When a student is named in title-IX cases, the repercussions can be serious. Title-IX law deals with the charges of sexual harassment and discrimination. If named a respondent, it means the complainant is accusing you of sexual assault or sexual discrimination.
The schools in California do not take the cases of Title-IX lightly. A lot more than reputation is at stake: the school might lose its federal funding if action isn’t taken against the guilty.
In the eagerness and hurry to close the case and prove that everything has been dealt with in all fairness, most schools automatically side with the complainant. The accused, in most cases, is labeled guilty even before an investigator submits the report.
Hence, you need a Title IX advisor in California to learn more about your rights and defend your case. Here’s a quick post on everything related to Title-IX.
How do things proceed in title-IX cases?
Naturally, it all starts with the compliant filing a complaint of sexual harassment or discrimination against you. From thereon, the counselor takes it upon themselves to inform the accused that somebody has registered a case against them.
What follows further are listed below:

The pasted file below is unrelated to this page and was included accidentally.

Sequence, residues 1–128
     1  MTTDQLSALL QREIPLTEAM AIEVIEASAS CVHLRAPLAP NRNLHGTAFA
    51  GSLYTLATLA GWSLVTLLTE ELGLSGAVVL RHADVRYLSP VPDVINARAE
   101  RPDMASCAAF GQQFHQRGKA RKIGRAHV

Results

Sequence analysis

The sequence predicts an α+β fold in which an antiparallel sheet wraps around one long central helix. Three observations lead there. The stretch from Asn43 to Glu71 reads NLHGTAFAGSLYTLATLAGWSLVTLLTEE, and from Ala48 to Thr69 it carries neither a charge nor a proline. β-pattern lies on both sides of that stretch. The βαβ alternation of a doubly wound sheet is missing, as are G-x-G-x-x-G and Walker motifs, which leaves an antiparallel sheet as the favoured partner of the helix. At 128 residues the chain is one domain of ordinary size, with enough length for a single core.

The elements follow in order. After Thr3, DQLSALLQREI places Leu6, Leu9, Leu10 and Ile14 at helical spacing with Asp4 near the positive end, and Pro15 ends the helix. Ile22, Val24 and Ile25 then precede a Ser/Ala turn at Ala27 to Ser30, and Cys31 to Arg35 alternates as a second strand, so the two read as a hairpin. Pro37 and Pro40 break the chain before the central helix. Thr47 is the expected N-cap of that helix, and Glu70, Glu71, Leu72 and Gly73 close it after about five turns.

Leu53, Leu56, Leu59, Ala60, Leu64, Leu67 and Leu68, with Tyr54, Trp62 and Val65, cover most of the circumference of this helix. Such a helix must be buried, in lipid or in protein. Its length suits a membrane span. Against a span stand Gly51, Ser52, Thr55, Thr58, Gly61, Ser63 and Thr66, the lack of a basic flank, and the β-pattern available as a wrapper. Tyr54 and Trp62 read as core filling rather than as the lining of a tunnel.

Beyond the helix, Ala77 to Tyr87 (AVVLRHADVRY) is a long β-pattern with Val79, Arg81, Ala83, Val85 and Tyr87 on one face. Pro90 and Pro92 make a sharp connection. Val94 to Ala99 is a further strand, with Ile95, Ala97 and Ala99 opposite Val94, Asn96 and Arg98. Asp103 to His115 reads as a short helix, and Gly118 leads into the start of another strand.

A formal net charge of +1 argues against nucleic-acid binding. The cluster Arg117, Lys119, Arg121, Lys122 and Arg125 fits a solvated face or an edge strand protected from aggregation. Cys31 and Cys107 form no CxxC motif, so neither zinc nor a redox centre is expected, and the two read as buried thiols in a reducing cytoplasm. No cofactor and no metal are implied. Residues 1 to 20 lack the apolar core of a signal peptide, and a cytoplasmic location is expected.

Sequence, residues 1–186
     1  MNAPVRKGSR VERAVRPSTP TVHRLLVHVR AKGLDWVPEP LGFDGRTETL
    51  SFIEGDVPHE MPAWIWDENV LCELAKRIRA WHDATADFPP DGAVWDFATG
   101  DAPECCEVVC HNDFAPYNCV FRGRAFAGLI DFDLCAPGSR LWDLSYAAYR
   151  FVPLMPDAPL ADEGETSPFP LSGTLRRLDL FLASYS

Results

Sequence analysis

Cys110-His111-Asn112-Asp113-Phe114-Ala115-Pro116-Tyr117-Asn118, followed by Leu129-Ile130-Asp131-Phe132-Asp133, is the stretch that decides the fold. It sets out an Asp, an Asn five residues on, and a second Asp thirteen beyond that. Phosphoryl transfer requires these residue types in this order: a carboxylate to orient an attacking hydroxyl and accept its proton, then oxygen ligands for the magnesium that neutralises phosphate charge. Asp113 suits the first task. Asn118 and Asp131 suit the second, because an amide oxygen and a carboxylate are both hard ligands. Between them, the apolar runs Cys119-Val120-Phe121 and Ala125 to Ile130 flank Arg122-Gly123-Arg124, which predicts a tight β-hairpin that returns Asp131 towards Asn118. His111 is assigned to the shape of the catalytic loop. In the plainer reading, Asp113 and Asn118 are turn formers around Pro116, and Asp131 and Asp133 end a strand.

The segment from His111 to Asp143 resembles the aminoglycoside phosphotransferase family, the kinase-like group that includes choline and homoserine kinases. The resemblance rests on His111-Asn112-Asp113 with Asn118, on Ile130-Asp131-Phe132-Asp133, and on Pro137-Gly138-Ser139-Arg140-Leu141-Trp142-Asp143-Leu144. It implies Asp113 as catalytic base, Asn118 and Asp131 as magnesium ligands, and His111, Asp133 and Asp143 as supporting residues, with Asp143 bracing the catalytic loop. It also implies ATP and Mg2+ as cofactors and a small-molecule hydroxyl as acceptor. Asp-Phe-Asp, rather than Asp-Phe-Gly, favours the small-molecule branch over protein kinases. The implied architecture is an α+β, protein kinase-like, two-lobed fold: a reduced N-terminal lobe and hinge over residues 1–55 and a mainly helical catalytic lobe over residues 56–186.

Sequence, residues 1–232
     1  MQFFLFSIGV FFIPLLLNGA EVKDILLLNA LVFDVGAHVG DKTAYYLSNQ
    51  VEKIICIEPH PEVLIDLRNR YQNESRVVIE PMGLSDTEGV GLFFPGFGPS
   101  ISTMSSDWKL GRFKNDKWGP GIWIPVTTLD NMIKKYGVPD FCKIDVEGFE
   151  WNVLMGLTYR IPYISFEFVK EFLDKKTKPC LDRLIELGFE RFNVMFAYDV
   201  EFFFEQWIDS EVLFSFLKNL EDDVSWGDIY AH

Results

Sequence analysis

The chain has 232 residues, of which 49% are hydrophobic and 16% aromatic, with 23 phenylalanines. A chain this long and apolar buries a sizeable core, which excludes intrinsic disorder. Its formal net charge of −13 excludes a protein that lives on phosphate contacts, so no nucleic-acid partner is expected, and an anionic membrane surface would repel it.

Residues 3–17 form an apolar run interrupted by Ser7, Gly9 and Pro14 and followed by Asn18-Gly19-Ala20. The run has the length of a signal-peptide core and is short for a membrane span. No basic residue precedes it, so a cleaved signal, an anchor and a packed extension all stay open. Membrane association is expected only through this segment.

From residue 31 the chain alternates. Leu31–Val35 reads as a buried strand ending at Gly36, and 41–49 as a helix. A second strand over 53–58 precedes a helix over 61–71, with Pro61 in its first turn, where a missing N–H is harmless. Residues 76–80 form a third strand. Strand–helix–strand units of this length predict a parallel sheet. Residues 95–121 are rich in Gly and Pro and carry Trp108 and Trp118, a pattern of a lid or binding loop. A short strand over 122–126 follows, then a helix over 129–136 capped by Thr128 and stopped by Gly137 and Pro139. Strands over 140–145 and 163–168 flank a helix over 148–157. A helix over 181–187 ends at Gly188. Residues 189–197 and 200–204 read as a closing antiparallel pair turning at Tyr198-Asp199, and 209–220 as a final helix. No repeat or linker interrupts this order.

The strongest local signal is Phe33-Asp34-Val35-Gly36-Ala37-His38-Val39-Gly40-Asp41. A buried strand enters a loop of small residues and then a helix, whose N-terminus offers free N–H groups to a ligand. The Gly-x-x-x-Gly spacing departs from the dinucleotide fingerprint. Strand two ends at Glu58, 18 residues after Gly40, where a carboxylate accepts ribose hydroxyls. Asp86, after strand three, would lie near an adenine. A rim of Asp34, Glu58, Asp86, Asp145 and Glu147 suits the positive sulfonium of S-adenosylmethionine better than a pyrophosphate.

- The school wastes no time in hiring an investigator.
- The role of the investigator is to collect physical evidence and interview the witnesses.
- After the investigator submits their report, the school’s board chooses either one decision-maker or a panel to release the verdict.
- If there’s a 50% indication that you might have done the assault, you’ll be terminated.
Here’s the catch: the verdict of the school can be challenged. An experienced attorney can find out certain loopholes so that the case can be reopened in front of the board.
Whether it’s the discovery of a new piece of evidence or anything that indicates a shade of doubt and faulty investigation, the lawyer will make an appeal on your behalf.
One thing that you have to keep in mind is that though schools offer students a chance to file an appeal, there’s a certain timeline to do so. Usually, an appeal has to be made within 10 days of the verdict.
Your lawyer will carry out a separate investigation and present all facts and proofs in a new light. If you are not guilty, you’ll be taken back by the school once your lawyer wins the case for you. In case you did play foul, the lawyer might still be able to convince the school to reduce the degree of punishment.
The best thing to do is have clean conduct. If that ship has already sailed and you have a Title-IX case filed against you, contact an experienced title-IX advisor without wasting time.